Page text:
The more you learn about Salamanca and the surrounding region of Castilla y Leon, the more you realize how important history is to their day-to-day lives. It isn’t just important to the region though—Castilla y Leon has a very important place in Spanish history and the formation of modern Spain. Ripples of its history can be felt throughout the country even today.

Geography and Population

Castilla y Leon make up Old Castile, the largest autonomous region in Spain. The population of each of its nine regions varies greatly, but the total population for the region is 2.5 million people. The nine provinces are Avila, Burgos, Leon, Palencia, Salamanca, Segovia, Soria, Valladolid and Zamora. A majority of the inhabitants live in the major cities like Valladolid, Burgos, Leon and Salamanca. Outside the main cities, the sporadic and sparsely-populated villages tend to be overlooked, like the province of Soria which has the lowest population in the entire country.

The region is situated on the northern part of a massive plateau in the middle of Spain called the Meseta Central and the expansive countryside consists of miles of flat arable land. Combine this with its location by the River Duero, and the countryside of Castilla y Leon provides perfect conditions for vineyards.


During the Reconquista, the kingdom of Castile became the most powerful force and extended its domination through military gains and advantageous marriages between families. By the 11th century, Castile had joined forces with Leon with at times one ruler for both regions. The monarchs of this age were enthusiastic about the arts and did everything in their power to litter the cities with superlative monuments, in this case, spectacular Gothic cathedrals that literally tower over Salamanca, Leon and Burgos.

In addition to the military force of Castilla y Leon, this region is also responsible for creating and cultivating the language we now call Spanish. It is also from here that the Catholic Kings, Ferdinand and Isabella, sought to unify Spain when they launched the re-conquest of the country from the rule of the Moors.


As mentioned before, Castilla y Leon’s history is incredibly rich and a strong indication of this is the sheer number of UNESCO World Heritage sites that can be found in the region. The cathedrals mentioned above are more than a piece of history, they are incredible works of art that have stood the test of time and remain relevant today. In addition to the cathedrals, there are monasteries and hermitages and Romanesque churches and universities and castles all throughout Castilla y Leon. Here are a few of the highlights to hit.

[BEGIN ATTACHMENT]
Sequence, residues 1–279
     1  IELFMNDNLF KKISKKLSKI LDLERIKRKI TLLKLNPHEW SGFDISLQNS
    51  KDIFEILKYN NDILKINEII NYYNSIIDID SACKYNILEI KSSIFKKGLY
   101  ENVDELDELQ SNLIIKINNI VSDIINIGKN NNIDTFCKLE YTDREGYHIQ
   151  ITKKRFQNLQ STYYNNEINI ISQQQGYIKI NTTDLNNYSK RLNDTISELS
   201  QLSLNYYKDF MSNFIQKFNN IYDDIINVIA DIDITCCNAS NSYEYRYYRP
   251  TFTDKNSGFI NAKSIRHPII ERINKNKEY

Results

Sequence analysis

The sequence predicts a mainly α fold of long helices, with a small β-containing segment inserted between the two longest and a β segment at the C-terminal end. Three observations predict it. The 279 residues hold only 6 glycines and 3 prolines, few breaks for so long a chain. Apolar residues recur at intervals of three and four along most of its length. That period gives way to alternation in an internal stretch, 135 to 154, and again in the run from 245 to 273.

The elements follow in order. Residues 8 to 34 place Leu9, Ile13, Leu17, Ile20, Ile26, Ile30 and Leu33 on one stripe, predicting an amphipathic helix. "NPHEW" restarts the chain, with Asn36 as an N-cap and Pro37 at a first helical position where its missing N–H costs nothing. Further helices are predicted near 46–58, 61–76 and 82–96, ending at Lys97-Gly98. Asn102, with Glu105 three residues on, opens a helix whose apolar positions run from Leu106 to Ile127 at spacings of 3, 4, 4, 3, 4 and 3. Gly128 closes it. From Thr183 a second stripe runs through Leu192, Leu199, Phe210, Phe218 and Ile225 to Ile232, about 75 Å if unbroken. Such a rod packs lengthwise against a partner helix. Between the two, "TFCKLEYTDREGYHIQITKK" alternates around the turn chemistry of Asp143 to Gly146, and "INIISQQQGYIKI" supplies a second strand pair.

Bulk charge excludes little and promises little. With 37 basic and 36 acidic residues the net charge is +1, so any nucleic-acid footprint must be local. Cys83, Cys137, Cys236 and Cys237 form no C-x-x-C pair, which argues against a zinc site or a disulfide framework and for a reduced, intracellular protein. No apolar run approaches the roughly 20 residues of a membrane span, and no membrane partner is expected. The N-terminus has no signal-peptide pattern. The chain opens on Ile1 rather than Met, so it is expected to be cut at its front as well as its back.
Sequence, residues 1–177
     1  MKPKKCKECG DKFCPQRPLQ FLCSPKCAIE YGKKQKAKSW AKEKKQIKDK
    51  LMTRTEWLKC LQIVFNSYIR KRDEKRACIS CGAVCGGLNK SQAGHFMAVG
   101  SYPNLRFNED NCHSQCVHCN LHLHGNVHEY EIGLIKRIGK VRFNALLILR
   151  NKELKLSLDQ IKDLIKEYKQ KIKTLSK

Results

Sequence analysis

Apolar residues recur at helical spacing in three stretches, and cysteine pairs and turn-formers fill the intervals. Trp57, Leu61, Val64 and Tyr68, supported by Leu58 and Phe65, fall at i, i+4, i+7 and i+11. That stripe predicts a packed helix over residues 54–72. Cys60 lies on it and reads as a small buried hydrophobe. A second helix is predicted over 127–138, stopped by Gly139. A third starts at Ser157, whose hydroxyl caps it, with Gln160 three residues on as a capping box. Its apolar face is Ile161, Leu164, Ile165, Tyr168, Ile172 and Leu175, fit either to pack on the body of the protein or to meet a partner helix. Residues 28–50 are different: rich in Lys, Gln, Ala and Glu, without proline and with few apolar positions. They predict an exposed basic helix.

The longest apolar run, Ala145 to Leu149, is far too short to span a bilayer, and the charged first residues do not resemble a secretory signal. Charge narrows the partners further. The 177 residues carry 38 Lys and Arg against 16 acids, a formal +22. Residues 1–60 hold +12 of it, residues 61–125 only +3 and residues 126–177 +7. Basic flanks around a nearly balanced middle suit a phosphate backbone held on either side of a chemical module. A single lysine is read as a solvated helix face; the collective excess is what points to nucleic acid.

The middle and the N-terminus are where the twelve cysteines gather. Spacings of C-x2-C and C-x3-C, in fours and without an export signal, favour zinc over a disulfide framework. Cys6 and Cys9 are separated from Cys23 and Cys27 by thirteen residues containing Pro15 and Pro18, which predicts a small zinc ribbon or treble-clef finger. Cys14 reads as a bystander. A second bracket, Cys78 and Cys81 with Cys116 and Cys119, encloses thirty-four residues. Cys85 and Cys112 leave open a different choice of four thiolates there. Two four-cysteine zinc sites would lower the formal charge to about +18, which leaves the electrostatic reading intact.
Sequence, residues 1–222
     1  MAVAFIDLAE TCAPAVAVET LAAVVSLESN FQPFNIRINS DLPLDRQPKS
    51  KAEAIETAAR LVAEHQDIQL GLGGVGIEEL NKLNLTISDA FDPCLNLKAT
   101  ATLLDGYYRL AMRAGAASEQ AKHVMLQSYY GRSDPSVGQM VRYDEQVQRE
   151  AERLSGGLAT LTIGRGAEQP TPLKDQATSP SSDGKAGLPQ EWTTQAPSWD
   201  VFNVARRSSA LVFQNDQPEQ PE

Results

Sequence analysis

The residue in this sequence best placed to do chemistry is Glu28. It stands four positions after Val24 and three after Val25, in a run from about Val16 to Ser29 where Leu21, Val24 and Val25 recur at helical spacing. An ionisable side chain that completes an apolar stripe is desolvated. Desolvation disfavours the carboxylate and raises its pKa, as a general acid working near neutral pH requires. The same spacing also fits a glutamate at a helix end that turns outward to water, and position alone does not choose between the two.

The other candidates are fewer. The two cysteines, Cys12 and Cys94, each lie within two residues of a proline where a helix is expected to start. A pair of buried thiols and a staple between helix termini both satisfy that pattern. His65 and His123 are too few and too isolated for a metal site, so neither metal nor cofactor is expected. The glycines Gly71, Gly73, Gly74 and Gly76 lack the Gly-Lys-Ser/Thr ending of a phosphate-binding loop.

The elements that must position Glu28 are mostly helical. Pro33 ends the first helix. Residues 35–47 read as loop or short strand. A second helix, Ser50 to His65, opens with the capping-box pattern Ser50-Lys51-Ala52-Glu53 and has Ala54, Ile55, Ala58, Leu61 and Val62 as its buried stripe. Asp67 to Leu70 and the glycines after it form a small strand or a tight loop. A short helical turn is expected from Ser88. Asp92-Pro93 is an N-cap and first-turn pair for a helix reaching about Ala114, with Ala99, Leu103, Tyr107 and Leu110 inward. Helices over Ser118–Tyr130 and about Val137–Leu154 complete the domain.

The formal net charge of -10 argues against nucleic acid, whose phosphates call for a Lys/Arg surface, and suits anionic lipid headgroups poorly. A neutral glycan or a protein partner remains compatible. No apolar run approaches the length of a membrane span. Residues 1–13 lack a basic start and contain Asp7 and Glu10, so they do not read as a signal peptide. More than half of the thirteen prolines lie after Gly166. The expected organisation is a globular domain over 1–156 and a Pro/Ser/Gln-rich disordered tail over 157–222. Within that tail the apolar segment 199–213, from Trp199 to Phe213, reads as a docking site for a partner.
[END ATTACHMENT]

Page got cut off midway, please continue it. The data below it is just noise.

Burgos Cathedral

The massive Gothic Cathedral in Burgos, known as Our Lady of Burgos was started in the 13th century at the same time as the great cathedrals in France were, and was completed in the 15th and 16th centuries. The superb architecture includes the church, cloister and annexes and has exerted a significant amount of influence over the evolution of architecture in Spain. Beyond the architectural draws, Our Lady of Burgos is also home to a unique and widespread collection of works of art including paintings, choir stalls, reredos, tombs and stained-glass windows.


The caves of the Sierra de Atapuerca contain a rich fossil record of some of the earliest human beings in all of Europe—dating back nearly a million years ago and continuing up to the Common Era. The caves are an exceptional supply of information and data to the scientific community and it provides priceless insights into the appearance and way these remote human ancestors lived.

Las Medulas, Leon

When you enter Las Medulas in Leon, you’ll be struck by the unusual landscape before you. Beyond the towering hills and lush forests surrounding it, below the surface lies one of the oldest gold mines in history. Back in the 1st century AD, the Roman Imperial authorities started to exploit the gold deposits that are found in this region of Spain using a technique based on hydraulic power. After two centuries of working the mines, the Romans withdrew and left a devastated landscape in its wake. The sheer faces of the mountainsides are a reminder to this day of the impressive ancient technology that was used to mine gold from Leon.

Get swept up in the history and stories of Castilla y Leon and create memories you’ll never forget. As you book your holiday to Spain, consider how important travel insurance is for your holiday. With an international travel insurance plan from Cover-More Australia, you won’t have to worry about anything and you can rest easy, knowing Cover-More’s team of experts is ready and waiting in the off-chance something unexpected happens and you need help.

Image courtesy of Flickr user Bren Buenaluz